Less than 5 Kilometers from where the equator cuts across the heart of the Ol Pejeta Conservancy is the most playful, sweet and curious baby rhino you will ever meet. His name is Ringo. Contrary to what we may want to imagine, in the Rhinos’ world, there is no space for “cute”. It’s a knotty existence made even more complicated by the fact that poachers hack their way through their numbers and have left a handful of rhinos where hundreds of thousands lived.
Ringo was born with a severe health complications, and either the mother knew he would not survive or she lost hope of the sons’ recovery. She opted to walk away and left him in the middle of the world, deathly sick, cold and lonely. In place of his mother’s security, touch and warm milk, he awaited nothing but the hungry embrace of a lion or hyena’s jaw
His luck, however, turned when Ol Pejeta Conservancy Rangers who had been keeping an eye on his pregnant mother found him and took him to the resident vet. Dr. Steven Ngulu. From his observation, it was clear why his mother left. Among other things, Ringos’ urinary tract was severely affected by a birth deformity and he was peeing through his still bleeding umbilical cord. It was a grim case and the doctor had no illusion about the little boy rhino’s chances. However, with the aid of a team of dedicated rangers, the good vet treated Ringo, and to the surprise of many who did not even dare to hope, he responded to treatment. What more? He turned out to be a cheerful optimist, playing with his caregivers and lumbering around lazily whenever he could.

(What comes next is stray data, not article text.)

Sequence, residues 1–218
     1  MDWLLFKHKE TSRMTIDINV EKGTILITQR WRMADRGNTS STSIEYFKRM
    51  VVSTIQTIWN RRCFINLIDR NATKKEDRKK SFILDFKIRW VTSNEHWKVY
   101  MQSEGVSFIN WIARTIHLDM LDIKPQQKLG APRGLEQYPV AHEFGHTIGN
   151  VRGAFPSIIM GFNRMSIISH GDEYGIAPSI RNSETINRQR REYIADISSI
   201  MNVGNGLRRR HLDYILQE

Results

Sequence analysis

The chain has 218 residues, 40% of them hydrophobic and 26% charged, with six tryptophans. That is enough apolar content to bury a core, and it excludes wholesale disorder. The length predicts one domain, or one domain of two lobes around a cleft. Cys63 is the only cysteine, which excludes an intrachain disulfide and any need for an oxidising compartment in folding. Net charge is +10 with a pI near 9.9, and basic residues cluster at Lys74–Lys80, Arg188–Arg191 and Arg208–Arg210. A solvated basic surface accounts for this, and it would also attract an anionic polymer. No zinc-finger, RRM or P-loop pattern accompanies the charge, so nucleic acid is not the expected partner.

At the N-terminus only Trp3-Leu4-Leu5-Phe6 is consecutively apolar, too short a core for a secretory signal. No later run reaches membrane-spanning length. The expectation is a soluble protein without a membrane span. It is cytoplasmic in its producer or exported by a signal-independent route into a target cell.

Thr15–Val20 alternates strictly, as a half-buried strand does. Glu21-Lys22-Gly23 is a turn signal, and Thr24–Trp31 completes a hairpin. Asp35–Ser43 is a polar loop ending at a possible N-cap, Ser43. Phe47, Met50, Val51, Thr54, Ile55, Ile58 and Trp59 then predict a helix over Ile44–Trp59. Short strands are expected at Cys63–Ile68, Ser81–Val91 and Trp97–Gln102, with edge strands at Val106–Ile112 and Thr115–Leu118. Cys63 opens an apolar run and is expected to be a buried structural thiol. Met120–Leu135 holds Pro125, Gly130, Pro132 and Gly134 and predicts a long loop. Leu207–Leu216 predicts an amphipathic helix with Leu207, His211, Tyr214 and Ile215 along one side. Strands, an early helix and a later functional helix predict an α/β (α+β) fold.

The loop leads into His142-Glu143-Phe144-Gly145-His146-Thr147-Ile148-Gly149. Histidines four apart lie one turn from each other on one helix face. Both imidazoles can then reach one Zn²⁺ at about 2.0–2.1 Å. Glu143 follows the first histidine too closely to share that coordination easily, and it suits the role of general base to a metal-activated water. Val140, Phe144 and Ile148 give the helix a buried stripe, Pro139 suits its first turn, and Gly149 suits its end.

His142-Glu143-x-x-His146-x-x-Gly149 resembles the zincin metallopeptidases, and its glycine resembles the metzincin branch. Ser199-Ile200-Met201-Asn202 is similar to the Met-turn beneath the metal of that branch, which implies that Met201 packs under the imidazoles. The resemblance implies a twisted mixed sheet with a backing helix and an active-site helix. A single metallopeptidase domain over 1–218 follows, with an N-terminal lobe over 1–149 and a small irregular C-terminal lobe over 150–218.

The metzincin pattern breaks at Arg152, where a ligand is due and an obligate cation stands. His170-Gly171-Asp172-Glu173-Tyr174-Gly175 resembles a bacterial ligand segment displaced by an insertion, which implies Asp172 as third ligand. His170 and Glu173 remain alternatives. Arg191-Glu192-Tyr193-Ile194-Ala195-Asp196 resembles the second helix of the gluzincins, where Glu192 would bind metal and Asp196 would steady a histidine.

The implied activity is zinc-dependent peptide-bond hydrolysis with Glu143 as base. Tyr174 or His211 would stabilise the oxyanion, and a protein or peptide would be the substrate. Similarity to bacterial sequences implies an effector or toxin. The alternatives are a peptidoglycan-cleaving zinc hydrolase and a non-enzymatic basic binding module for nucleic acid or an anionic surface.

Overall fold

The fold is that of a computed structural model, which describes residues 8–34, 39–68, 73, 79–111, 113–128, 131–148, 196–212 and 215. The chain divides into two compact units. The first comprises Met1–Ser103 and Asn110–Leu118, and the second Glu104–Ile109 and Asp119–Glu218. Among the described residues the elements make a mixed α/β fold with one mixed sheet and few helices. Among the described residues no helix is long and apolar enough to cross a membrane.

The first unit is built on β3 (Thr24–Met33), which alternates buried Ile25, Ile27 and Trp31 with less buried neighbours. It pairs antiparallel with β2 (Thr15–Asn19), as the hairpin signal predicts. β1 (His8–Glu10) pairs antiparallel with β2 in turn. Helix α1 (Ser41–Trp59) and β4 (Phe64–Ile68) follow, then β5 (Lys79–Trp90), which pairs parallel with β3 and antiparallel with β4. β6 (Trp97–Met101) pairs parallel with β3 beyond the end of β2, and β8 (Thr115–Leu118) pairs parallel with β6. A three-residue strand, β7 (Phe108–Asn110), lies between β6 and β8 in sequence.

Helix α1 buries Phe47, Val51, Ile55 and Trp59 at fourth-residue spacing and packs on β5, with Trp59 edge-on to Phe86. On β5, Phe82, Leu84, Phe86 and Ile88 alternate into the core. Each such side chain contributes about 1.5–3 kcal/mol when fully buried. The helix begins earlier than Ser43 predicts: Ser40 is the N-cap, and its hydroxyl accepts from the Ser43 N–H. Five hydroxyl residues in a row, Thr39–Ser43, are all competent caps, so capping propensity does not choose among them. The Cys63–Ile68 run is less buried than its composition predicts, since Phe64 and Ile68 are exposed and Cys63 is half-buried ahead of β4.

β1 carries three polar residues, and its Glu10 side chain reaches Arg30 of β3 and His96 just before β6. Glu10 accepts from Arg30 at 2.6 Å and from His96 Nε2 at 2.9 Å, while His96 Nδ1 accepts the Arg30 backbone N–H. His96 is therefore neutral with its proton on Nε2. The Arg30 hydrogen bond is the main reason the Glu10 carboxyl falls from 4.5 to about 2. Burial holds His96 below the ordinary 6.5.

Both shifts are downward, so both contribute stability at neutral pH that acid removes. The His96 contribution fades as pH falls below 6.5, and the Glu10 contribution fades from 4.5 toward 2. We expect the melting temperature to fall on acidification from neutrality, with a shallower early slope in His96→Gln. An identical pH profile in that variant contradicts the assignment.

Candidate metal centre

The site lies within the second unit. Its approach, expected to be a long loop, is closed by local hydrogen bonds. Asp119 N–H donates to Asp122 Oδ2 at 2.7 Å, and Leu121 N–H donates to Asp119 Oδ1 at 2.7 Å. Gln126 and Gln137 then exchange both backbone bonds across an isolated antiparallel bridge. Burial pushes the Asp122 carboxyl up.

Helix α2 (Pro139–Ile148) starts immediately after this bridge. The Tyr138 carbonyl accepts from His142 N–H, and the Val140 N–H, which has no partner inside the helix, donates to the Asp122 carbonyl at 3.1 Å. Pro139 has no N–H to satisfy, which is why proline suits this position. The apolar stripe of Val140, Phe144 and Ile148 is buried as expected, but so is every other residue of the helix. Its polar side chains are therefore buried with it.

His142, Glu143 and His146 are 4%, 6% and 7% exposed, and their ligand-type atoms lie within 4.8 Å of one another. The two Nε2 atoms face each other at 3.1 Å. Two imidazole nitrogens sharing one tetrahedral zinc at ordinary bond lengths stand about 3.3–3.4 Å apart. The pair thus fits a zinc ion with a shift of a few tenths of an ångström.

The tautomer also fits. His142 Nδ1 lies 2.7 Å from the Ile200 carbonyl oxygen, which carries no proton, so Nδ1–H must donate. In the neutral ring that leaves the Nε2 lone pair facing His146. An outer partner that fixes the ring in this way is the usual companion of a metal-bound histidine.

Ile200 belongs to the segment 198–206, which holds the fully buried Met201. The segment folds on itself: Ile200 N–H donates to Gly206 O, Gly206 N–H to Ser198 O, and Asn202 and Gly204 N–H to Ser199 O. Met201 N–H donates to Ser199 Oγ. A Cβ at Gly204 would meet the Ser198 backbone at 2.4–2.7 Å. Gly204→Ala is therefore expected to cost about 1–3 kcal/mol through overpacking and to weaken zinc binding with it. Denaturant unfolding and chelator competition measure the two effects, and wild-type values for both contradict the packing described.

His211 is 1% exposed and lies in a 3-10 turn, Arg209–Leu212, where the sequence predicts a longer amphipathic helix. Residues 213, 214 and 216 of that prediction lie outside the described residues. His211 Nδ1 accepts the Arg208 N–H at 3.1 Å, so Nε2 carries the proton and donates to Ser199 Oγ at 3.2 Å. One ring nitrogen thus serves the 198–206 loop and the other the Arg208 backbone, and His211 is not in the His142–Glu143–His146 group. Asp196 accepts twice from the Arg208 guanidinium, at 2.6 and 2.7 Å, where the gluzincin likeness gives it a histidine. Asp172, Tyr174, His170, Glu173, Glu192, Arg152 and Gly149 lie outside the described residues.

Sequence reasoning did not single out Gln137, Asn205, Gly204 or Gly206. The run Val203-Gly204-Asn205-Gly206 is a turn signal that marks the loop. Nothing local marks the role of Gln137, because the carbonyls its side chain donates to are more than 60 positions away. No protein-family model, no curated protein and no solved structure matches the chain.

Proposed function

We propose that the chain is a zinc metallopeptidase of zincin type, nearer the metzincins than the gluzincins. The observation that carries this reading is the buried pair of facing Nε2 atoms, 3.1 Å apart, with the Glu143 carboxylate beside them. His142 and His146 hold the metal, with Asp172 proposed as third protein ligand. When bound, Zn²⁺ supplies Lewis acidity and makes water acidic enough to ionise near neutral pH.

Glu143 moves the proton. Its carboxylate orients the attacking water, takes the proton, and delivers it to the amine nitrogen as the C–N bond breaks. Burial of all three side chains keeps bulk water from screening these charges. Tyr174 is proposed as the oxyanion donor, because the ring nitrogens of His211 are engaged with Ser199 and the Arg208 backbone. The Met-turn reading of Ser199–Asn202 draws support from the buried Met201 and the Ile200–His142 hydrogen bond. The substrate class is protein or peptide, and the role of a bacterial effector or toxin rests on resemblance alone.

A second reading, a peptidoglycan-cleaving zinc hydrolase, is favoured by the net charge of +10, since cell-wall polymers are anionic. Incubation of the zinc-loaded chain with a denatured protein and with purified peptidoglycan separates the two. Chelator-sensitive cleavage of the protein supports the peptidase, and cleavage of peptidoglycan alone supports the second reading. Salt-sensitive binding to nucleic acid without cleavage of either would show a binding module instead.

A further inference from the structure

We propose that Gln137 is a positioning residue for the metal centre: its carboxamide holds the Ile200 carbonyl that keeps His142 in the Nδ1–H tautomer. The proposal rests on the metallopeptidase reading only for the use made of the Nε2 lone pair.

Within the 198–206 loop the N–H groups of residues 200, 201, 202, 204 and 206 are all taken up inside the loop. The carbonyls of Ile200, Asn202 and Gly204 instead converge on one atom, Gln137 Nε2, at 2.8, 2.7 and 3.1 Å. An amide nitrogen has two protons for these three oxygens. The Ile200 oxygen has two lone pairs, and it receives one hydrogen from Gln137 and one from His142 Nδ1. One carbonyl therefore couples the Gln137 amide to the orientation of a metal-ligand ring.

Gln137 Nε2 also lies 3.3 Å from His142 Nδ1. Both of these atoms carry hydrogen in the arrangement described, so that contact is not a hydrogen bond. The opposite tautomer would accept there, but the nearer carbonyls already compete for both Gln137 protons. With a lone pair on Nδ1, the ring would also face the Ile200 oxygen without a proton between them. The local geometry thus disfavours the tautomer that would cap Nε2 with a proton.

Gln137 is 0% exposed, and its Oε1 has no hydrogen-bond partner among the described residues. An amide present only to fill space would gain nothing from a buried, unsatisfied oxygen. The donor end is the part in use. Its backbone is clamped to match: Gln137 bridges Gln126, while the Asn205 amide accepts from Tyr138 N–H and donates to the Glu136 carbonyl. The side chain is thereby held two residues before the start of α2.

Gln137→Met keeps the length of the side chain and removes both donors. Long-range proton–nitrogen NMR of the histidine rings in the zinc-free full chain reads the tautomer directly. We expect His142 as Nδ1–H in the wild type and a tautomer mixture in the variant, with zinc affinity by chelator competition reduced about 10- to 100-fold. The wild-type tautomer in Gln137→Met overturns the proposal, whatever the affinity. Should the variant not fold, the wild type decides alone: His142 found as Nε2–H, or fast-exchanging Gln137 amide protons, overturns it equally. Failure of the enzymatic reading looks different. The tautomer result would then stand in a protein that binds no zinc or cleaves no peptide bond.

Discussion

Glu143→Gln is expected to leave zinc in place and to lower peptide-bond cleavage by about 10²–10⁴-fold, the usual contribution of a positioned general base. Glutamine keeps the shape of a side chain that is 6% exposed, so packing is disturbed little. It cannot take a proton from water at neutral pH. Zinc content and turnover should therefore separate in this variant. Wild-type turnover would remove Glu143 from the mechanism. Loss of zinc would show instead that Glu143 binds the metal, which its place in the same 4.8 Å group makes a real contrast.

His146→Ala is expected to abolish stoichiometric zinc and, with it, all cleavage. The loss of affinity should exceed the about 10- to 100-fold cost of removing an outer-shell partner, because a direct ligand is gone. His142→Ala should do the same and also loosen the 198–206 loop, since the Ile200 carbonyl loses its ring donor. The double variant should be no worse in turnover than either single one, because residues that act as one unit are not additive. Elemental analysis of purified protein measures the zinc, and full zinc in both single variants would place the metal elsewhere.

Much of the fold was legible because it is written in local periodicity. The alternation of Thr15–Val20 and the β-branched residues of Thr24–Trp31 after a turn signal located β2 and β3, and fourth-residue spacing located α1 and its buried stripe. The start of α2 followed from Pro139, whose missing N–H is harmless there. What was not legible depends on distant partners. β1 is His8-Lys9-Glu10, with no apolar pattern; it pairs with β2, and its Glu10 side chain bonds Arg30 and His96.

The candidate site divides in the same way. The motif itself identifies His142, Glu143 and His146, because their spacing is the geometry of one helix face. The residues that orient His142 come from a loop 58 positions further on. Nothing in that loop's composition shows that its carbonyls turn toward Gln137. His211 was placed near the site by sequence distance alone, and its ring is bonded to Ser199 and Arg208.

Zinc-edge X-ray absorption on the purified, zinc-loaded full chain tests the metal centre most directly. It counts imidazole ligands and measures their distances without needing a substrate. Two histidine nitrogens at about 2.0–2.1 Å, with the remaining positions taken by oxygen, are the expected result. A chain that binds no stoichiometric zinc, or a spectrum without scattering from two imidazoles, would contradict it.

Gradually, he improved and he started running around and sticking his tongue out to anyone willing to indulge in his mischief. Today, he is one of the star attractions at the conservancy and he lives up to his reputation. He has grown very close to his caregivers and loves taking walks and sometimes playing football with them. If you are visiting the conservancy, he is happy to chase you around his enclosure and give your pants a thorough licking when you let him catch you (You have to let kids win or you are simply a terrible person).
While mature Rhinos do not have many natural predators, lone young rhinos are vulnerable and almost guaranteed death from big cats. Ringo may not have the mother to teach him survival techniques but he will grow with the security of his caregivers and the rangers. With the presence of a predator proof boma at the conservancy, Ringo has a chance to live freely in the wild and have a normal life once he is all grown and probably join other wild rhinos that live in the boma. One thing for sure is his mom may not recognize him, but if she could she would be so proud of her little boy. If ever in the neighborhood, Ringo will be glad to see you.
Story By. Ian Mungai & Mercy Waithira